New Delhi, 15 September 2016: A bright spot in todays otherwise subdued global economy, India symbolises a remarkable growth story for the world. ‘Skill India’ is one of Prime Minister Narendra Modi’s flagship initiatives aimed at sustaining this growth story and make India the world economic leader. FICCI and KPMG in India together launched a white paper titled ‘Re-engineering the skill ecosystem’ at the FICCI-KPMG Skill Summit 2016 to trace the Indian growth story by tracking the Indian Gross Domestic Product (GDP) and Gross State Domestic Product (GSDP) of the states along with the evolution of Indian workforce over the years.
Mr. Mohandas Pai, Chairman FICCI Skill Development Committee and Chairman Manipal Global Education, elaborates, “This paper explores complexity and diversity of our country in terms of economic development, demography, geography, internal & international migration, unavailability of relevant data etc. There is an urgent need to evaluate our current scenario, look at future projections and reengineer the skill ecosystem accordingly.”
As per the current forecast by the Ministry of Skill Development and Entrepreneurship (MSDE), there would be an incremental requirement of skilling 110 million additional workers by 2022 and to achieve this and reskill the existing workforce the ministry has embarked on a herculean task of skilling 400 million workforce by 2022.
Mr. Pai Further elaborated that “the paper says that in the coming years, services and manufacturing are likely to create employment opportunities. However, to reach full potential, India needs to gravitate towards a formal system. Currently, only 4.69% of the Indian population has undergone formal skill training. There are two important trends vis-à-vis the Indian workforce that requires attention and action. First, the scope of job creation in formal employment opportunities and secondly, the implications of Industry 4.0 on future jobs.”
The biggest problem before Skill India is the accuracy and reliability of data. The multiplicity of sources must be brought together if a coherent and comprehensive labor market information system is to be established, and this calls for a common information system as an essential component of the LMIS. EPFO, ESIC and other official statistics on government employees provide critical data on formal employment to identify industries to be prioritised for skill development. Skill gap studies for these growing sectors can provide additional information regarding skilling needs at an aggregate level.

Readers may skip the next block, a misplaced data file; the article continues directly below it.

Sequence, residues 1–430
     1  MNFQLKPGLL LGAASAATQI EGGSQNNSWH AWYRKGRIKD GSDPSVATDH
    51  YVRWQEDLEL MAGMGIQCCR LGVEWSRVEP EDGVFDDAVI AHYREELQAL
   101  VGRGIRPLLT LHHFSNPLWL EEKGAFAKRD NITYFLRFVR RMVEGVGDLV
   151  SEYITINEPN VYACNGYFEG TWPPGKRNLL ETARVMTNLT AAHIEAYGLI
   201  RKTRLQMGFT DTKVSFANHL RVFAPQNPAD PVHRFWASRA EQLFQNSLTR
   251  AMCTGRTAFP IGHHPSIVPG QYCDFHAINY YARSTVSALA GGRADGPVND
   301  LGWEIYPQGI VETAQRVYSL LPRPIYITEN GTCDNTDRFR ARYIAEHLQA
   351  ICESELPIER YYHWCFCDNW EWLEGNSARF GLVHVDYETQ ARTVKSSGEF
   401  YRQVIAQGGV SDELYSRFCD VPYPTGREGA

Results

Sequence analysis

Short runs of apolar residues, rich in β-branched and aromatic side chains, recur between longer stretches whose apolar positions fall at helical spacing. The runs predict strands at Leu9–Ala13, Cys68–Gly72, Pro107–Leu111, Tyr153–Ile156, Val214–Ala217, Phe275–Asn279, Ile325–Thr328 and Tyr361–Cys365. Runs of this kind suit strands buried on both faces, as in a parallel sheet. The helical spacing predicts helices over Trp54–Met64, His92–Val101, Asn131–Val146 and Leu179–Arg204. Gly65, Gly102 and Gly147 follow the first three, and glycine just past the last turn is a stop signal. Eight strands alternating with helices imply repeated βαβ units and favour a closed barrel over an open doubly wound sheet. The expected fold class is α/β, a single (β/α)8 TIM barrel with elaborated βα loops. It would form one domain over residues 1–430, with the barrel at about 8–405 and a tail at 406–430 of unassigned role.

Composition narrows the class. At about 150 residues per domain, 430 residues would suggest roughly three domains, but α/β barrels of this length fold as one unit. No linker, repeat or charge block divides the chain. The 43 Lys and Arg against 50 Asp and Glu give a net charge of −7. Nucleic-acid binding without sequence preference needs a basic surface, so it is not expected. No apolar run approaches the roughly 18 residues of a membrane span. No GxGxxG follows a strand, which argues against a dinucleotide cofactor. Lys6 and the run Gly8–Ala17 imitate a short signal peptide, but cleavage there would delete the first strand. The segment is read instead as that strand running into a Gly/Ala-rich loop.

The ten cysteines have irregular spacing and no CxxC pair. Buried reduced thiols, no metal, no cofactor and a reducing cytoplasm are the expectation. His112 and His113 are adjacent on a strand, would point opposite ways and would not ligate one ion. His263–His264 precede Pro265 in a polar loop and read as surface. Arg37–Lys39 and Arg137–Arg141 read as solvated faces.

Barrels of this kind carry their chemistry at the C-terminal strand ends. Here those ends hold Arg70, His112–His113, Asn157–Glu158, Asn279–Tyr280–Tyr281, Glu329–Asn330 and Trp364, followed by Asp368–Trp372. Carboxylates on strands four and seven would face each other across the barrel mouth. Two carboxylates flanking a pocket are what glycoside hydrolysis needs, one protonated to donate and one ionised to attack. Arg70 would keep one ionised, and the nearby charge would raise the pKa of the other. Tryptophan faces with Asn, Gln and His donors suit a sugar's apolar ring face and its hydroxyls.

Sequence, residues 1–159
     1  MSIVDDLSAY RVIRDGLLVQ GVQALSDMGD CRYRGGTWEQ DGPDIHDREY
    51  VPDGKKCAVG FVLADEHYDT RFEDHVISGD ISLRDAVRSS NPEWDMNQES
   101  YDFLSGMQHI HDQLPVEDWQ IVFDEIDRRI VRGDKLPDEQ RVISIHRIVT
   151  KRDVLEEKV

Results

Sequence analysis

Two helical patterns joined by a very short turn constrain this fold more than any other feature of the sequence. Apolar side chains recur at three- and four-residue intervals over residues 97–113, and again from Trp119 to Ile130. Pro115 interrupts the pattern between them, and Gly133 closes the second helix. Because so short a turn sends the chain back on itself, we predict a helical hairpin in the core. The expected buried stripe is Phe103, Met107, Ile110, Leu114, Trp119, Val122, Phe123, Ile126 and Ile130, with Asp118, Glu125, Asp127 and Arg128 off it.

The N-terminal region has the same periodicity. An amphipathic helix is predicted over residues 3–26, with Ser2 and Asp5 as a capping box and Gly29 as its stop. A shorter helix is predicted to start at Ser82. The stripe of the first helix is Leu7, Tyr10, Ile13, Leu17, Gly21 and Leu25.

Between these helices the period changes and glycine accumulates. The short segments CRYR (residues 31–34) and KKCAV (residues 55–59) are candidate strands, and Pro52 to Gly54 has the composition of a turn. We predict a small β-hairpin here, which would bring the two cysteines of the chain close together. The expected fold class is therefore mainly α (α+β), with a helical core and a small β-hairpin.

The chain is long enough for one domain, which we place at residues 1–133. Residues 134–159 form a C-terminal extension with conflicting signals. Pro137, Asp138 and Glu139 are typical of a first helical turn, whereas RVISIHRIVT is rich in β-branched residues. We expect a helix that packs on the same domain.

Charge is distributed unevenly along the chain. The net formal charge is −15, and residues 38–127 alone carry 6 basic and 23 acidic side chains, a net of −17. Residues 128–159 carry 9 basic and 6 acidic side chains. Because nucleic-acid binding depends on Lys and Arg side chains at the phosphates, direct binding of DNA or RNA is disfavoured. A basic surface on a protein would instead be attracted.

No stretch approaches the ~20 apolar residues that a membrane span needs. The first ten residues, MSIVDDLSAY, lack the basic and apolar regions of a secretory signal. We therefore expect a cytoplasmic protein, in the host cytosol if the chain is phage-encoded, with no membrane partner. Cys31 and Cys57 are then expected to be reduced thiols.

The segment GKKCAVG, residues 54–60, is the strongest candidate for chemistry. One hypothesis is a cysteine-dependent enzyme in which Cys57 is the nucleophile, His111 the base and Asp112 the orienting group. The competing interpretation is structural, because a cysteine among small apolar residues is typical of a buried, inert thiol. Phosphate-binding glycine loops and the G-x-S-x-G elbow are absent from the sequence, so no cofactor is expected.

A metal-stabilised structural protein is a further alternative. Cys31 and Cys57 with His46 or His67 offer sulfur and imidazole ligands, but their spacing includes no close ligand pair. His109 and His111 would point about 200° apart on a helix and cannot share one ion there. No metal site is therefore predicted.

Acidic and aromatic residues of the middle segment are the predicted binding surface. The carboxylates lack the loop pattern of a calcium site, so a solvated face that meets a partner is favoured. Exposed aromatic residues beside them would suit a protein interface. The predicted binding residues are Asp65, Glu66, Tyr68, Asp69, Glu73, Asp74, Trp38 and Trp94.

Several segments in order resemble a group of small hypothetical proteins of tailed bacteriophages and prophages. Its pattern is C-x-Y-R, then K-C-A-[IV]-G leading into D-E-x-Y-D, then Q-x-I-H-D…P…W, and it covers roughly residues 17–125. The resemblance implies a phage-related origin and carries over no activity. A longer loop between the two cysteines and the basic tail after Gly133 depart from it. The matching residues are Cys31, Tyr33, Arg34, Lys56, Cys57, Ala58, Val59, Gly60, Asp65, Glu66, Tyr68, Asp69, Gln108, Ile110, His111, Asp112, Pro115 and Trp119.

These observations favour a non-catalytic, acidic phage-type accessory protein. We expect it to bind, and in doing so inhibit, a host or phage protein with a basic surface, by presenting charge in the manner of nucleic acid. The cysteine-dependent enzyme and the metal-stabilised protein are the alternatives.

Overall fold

The paper also highlights the phenomenon of employment clusters. States such as Maharashtra, Tamil Nadu, Karnataka, Andhra Pradesh and Delhi together provided employment to 57 per cent of the nation’s formal workforce in 2014-15. This fact clearly indicates the high concentration of formal employment in some states. Skill development in these States should be based on the industries cluster present. Industries should be incentivized to set establishments in labour incentive states to arrest internal migration and skill development in these states be planned accordingly.
Narayanan Ramaswamy, Partner and Head, Education and Skill Development, KPMG in India, says, “The bright side to the challenge of skill development is that the government recognizes India’s favourable demographic dividend and is shouldering the responsibility of providing employment to the millions of youth in a big way. However, nothing short of a revolution is required in skilling and vocational education space, which in my view has assumed critical proposition and might well determine the future growth of this country.”
Ms. Shobha Mishra Ghosh, Sr Director FICCI added, “Vocational Education and skill development have never been aspirational in our country. In India, 77% above 30 years and 42 % of those in the age group 18-29 years are employed. Poor quality of education and demand vs supply mismatch are two important issues that emerge as the key reason for the rising number of unemployed graduates. There is urgent need to integrate skill development within our formal education to meet the 21st century skill requirements.”
The white paper touches upon strategic changes to re-engineer the ecosystem that can facilitate the transformation:
Established in 1927, FICCI is the largest and oldest apex business organization in India. Its history is closely interwoven with India’s struggle for independence, its industrialization, and its emergence as one of the most rapidly growing global economies. A non-government, not-for-profit organization, FICCI is the voice of India’s business and industry. From influencing policy to encouraging debate, engaging with policy makers and civil society, FICCI articulates the views and concerns of industry. It serves its members from the Indian private and public corporate sectors and multinational companies, drawing its strength from diverse regional chambers of commerce and industry across states, reaching out to over 2,50,000 companies. FICCI provides a platform for networking and consensus building within and across sectors and is the first port of call for Indian industry, policy makers and the international business community.
About KPMG in India
KPMG in India, a professional services firm, is the Indian member firm of KPMG International and was established in September 1993. KPMG has offices across India in Chandigarh, Gurgaon, Noida, Ahmedabad, Vadodara, Mumbai, Pune, Bengaluru, Kochi, Chennai, Hyderabad and Kolkata. We strive to provide rapid, performance-based, industry-focused and technology-enabled services, which reflects a shared knowledge of global and local industries and our experience of the Indian business environment.
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